What does it mean to be “cute”? Beauty standards and perceptions of attractiveness vary across cultures, but one thing is clear: being called “cute” is something entirely different. Is there a scientific explanation of why our brains perceive some people as “cute” and others as “beautiful,” “hot,” and so on? We’re about to answer all of them with the help of science!
Why we find babies so cute 1:13
What the EDAR gene is 2:28
What sexual dimorphism is 3:47
How Korean pop music is changing the world 4:35
- There are other traits in babies that our brain, for whatever reason, finds adorable. They have a disproportionate head-to-body size and short limbs. In fact, if babies were proportioned more like mini-adults, we probably wouldn’t be as inclined to coo at them!
- East Asian people tend to hold onto these features into adulthood, a phenomenon called “neoteny.” Studies have found that neotenous faces are often perceived as more social and feminine, whereas non-neotenous faces are seen as more intimidating.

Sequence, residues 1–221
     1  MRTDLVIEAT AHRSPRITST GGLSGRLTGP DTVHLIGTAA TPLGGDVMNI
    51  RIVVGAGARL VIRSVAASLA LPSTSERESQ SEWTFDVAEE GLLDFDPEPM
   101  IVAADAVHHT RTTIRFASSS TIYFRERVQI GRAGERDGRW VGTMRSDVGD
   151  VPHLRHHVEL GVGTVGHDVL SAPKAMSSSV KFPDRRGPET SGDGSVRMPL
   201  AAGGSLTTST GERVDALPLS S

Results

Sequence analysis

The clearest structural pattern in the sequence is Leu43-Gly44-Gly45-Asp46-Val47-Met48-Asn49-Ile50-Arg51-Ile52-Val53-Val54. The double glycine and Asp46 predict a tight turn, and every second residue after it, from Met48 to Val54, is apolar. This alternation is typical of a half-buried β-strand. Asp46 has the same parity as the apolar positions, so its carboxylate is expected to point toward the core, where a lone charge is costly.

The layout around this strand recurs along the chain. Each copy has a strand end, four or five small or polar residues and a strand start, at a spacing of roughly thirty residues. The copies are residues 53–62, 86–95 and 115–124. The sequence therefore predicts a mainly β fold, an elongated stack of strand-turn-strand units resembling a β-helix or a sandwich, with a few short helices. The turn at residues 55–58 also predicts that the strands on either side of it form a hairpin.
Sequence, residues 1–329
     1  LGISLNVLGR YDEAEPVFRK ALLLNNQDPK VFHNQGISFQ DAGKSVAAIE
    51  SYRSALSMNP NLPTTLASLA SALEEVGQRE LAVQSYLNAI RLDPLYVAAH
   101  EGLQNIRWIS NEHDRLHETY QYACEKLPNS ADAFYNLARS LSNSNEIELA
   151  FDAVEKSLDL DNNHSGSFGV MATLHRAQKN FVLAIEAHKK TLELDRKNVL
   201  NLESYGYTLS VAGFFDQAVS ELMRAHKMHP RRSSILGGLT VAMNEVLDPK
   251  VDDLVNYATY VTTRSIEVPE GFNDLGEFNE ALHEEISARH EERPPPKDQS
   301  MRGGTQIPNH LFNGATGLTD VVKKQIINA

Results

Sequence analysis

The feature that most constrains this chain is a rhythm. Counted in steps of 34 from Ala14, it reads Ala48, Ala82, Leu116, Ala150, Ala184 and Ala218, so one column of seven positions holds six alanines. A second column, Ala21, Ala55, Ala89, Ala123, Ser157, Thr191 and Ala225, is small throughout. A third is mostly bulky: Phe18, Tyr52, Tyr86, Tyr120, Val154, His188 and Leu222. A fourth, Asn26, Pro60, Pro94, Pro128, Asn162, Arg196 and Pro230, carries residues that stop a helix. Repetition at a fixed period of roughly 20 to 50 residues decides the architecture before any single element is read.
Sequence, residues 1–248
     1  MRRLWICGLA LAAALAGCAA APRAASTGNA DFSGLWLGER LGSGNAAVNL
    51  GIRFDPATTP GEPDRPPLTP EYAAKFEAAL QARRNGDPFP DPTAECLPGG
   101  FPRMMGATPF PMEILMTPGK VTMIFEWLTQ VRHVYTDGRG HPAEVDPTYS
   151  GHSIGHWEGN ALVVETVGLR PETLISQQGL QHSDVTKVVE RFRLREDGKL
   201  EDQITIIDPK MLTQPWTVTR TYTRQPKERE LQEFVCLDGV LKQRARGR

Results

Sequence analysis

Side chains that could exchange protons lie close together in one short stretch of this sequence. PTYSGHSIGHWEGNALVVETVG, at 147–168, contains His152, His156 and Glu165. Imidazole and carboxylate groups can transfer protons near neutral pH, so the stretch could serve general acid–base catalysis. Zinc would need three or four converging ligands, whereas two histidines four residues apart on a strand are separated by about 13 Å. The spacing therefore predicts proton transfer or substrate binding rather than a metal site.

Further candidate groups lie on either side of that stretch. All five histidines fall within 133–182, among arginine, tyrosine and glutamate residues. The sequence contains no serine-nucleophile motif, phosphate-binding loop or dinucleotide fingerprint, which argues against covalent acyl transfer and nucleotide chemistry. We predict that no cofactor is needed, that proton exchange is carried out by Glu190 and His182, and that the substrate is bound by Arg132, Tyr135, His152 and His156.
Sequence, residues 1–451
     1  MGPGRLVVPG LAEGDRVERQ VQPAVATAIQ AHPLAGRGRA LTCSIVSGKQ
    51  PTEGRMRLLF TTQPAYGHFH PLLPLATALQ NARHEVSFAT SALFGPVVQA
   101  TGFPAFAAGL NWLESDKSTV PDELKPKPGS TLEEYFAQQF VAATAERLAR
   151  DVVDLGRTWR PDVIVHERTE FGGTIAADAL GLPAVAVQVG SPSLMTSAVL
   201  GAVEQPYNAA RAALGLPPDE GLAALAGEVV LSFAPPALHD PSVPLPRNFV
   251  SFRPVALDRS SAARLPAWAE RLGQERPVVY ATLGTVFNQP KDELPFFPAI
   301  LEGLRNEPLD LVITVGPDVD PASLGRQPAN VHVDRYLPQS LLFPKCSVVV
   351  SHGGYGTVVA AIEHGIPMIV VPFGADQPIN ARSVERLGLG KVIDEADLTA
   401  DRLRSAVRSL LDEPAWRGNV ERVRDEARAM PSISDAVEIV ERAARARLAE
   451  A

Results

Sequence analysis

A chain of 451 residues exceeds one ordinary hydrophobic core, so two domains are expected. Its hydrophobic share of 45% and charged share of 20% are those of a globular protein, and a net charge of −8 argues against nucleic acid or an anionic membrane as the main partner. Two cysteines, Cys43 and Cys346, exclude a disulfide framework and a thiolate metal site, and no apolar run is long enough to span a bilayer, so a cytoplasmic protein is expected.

- The EDAR gene controls the development of our hair, skin, and teeth. This mutation causes people to have thicker hair shafts, more oil glands (which helps keep skin looking youthful for longer), and less breast tissue in females.
- Sexual dimorphism is what makes males and females of the same species look different. So, less sexual dimorphism means men with neotenous faces tend to look more feminine.
- The recent surge in the worldwide popularity of Korean pop music (abbreviated as Kpop) with groups like BTS has put this cultural difference in the spotlight. Rather than exhibiting the sort of “macho” features of Western standards of male beauty, sensational Kpop stars like Jimin have smooth faces, slim bodies, and an overall feminine appearance.